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The ISDA of March

Thursday March 1st 2012

Looking at the results of the 2nd ECB 3 year LTRO programme one can note 2 distinct points of interest.
The forecast range of capital requirement was from EUR200Bn to EUR1Tn. So given that the actual allocation of funding was EUR529.5Bn we should not worry about the amount.
What is a concern is that the number of banks that applied for access to the facility was 800, well above the 523 that participated in LTRO 1.0. 
Given that the naked ambition of the LTRO programme is to stave off a liquidity lapse within the Euro Zone banking system, what is clear from yesterdays action is that many banks within the Euro Zone remain light on their level of capital adequacy. Given that, it is highly likely to see the Euribor-OIS spread creep higher if it is felt that certain banks are still in fragile financial form. The difference between EURIBOR and overnight indexed swaps, was 64bps yesterday, the lowest since August 31st and down from 97bps at the start of the year.
The reality is that the facility has generally staved of an immediate crisis, but the money taken by banks once the balance has been adequately beefed up is simply being parked in the front end of the Euro Zone sovereign curves. The short dates issued by governments are being taken as convenient cash cow vehicles until banks have to honour their own obligations due in 2012 and 2013. Currently there is little activity at the long end of the curve and the money raised via the LTRO 1.0 or 2.0 is not seeking its way into the real economy.
The International Swaps and Derivatives Association, (ISDA) i.e. the global authority that regulates the sale and use of credit default swaps (CDS) is meeting today to discuss whether Greece’s debt swap should be considered a default, or “credit event”. there is no schedule for an announcement, however, we do expect to hear a decision by Monday, March 5th. ISDA did say that the act of including a collective action clause (CAC) would not in itself trigger an event...but their implementation would pave the way for a payout on outstanding Greek CDS contracts as a credit event will have been seen to have occurred.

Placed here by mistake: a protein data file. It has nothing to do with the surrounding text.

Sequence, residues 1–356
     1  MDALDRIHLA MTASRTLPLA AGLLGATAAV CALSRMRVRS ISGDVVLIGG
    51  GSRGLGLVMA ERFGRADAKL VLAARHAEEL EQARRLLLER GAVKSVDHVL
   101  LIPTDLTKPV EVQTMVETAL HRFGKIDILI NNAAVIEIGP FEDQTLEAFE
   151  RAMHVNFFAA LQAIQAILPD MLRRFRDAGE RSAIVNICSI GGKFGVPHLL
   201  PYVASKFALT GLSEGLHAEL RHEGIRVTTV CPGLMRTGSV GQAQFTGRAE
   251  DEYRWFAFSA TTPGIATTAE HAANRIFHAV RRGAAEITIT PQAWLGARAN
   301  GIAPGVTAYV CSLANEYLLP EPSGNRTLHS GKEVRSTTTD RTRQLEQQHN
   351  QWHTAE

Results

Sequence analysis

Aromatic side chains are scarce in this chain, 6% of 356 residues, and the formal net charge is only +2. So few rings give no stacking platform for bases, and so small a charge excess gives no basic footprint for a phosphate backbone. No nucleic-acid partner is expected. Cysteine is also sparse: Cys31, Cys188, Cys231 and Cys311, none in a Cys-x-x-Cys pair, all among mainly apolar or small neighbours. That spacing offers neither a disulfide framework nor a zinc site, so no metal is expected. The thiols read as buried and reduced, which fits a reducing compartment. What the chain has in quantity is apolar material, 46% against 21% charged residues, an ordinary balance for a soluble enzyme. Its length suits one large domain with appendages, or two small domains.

One has to be clear as to what would happen if the ruling from ISDA is that an event has occurred. There will be no immediate move to effect the CDS contracts, in reality it will be  2 months from when a credit event is declared and final settlement of the Greek CDS contracts. Clearly for many this will be seen as being far from satisfactory as doesn't this imply that the financial framework is flawed. Why should a period of 2 months elapse before payment is due? There has been enough signposting that such an event was rapidly increasing in probability so the prospect of Greece defaulting and then a messy process of paper pushing being the aftermath is far from desirable.
It is now the 1st day of March...in 19 days time Greece has to produce EUR14Bn in coupon and maturity payments...the clock is ticking  and  should old Greek debt not be  exchanged for new bonds on that day one can reasonably expect an extremely sloppy and untidy outcome to follow.  Chaos will rear its head in that if no settlement is struck by March 20th, the market will be spooked and the next in line, i.e. Portugal will take a hit. Today the 10 year yields 13.74% cf. 1 week ago 12.46%.
For each EUR1,000 of old Greek bonds converted to new bonds the face value will be a paltry EUR315. In fact those same bonds are going to tumble to trade at 30% the stated face value, i.e.  the new Greek-bond component of the exchange will be worth about 10 cents for every Euro in face value of old Greek bonds that you might currently hold. Of course one has to factor in a token payout from the EFSF of 15% so the end result is a net haircut of 75%. there is no way this can be classified as a voluntary deal.
One may ask why Spotlight is raking over this ground again? Well one has to ask what will happen on March 20th because at the heart of the 2nd bailout is a deep mistrust of Greece by the European Commission and its ability to implement reform. That is why Luxembourg’s Jean-Claude Juncker, the leader of the Euro Group has called an European Union commissioner to take charge of rebuilding the economy in Greece. Greek Prime Minister Lucas Papademos rejected a call to appoint a special European Union official to oversee Greece’s economy,
Papademos said the program for Greece “would be implemented by the Greek government and the Greek authorities.”
Tick-Tock-Tick-Tock   time is running short!

Stephen Pope

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